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Zemo Is One of the Best MCU Villains and I’m Thrilled He’s Coming Back

Daniel Brühl as Helmut Zemo in Falcon & The Winter Soldier

After months of rumors, it was confirmed at San Diego Comic Con that Daniel Brühl’s character from Captain America: Civil War, Helmut Zemo, would be joining the Marvel Studios Falcon & The Winter Soldier Disney+ series. This is a brilliant addition to the show. Zemo is one of the MCU’s better villains, and his presence augurs excellent things to come.

I was excited when Marvel first named Daniel Brühl as Zemo way back in 2015. The German-Spanish actor is one of my favorites, always delivering insightful, deeply-felt performances (please watch The Alienist miniseries if you have not). Then Brühl’s Zemo turned out to be far more nuanced and interesting than I expected in Civil War, a movie that was not particularly given over to nuance.

While Civil War is full of explosions and motorcycle chases and Steve Rogers’ biceps vs. a helicopter and bombastic declarations and airport battles, there is Zemo working quietly to manipulate in the background. Though he does terrible things, his motivations stem from personal tragedy, and it’s hard not to sympathize with him to some extent. I love this sort of multidimensional villain.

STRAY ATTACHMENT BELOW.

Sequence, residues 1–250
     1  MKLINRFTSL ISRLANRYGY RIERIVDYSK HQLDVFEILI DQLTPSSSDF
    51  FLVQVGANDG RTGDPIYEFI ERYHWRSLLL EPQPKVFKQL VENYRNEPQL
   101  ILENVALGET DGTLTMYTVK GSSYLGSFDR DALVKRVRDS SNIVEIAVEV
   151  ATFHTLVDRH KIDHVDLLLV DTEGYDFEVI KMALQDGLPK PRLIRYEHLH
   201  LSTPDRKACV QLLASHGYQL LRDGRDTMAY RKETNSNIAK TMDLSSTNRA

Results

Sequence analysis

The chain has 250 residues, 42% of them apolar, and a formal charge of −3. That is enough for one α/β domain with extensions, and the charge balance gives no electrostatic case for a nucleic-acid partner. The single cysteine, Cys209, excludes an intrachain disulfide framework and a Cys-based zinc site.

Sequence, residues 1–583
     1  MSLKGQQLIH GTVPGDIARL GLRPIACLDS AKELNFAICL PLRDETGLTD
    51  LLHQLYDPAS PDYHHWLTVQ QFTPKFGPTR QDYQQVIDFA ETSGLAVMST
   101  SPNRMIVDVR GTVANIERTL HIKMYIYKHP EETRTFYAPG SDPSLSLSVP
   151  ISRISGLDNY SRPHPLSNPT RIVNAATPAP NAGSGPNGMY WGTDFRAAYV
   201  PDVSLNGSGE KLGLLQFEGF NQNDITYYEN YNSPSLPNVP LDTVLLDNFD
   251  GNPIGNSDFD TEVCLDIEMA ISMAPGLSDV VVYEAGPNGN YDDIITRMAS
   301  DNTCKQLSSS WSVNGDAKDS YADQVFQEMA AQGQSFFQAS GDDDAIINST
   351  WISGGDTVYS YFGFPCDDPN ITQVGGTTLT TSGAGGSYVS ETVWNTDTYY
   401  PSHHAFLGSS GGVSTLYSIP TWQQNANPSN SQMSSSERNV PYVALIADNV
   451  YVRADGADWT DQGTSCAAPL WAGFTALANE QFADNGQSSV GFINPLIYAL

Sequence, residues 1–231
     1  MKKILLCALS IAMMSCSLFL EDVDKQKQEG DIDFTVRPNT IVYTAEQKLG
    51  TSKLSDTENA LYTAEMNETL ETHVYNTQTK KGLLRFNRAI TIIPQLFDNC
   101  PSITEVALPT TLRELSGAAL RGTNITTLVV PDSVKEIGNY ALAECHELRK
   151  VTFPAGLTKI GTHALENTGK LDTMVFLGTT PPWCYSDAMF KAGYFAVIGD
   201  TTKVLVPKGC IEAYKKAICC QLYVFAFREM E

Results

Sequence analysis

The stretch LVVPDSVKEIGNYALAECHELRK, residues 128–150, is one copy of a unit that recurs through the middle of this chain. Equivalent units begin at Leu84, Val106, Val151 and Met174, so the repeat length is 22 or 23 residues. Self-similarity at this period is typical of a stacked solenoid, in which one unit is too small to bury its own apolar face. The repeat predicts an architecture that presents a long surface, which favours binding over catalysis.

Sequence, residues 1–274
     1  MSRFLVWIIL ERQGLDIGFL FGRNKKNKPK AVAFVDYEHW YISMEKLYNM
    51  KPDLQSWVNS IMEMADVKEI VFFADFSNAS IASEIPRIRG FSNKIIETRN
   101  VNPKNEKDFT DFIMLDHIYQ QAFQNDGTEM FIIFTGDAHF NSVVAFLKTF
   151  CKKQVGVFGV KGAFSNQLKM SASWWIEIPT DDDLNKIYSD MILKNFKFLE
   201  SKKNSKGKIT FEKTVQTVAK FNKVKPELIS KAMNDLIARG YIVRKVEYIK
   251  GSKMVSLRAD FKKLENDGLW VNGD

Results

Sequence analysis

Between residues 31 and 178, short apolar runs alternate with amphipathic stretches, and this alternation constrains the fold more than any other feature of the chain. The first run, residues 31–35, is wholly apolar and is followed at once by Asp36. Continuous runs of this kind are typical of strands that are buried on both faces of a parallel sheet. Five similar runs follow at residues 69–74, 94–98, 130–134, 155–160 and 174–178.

The MCU smartly diverted Brühl’s Zemo away from the comics origins of Baron Zemo, son of [other Baron] Heinreich Zemo, a WWII-era HYDRA leader and Cap foe. With HYDRA already the villainous force in The First Avenger and The Winter Soldier, it’s nice to take a break from Nazis, and thankfully MCU!Zemo was reborn as something else entirely.

In Civil War, he’s a Sokovian special forces colonel whose family died as a result of the Avengers/Ultron battle in Age of Ultron. Blaming the Avengers for the loss of his family, but knowing that he could not defeat them himself, Zemo sets about ripping the group apart down the fault line of Bucky Barnes. He does an excellent job on this front, leading to the haunting exchange he has with Agent Everett Ross when he’s imprisoned at the end of Civil War:

Ross: So how does it feel, to spend all that time, all that effort, only to see it fail so spectacularly?

Zemo: [half-smiling] Did it?

And indeed, the factionalization that Zemo brought about in Civil War has a profound effect on the Avengers and most of their character development going forward. Thanos arguably might not have gotten his hands on all the Infinity Stones if the team hadn’t been fractured, some of its members going underground. Zemo did real and lasting damage to the world of The Avengers.

What I especially appreciated about Zemo was that he was the perfect meta-villain for Civil War. He’s the only one who is fully in control of the situation and knows what’s really going on the whole time, and in a movie where so many people’s choices hinge on revenge, and on avenging a past wrong on the perpetrator, the fact that he has the same motivation himself makes him an excellent fit. He’s an even darker mirror to T’Challa and Tony’s pain, showing the awful acts that can result when grief and revenge overcome all reason.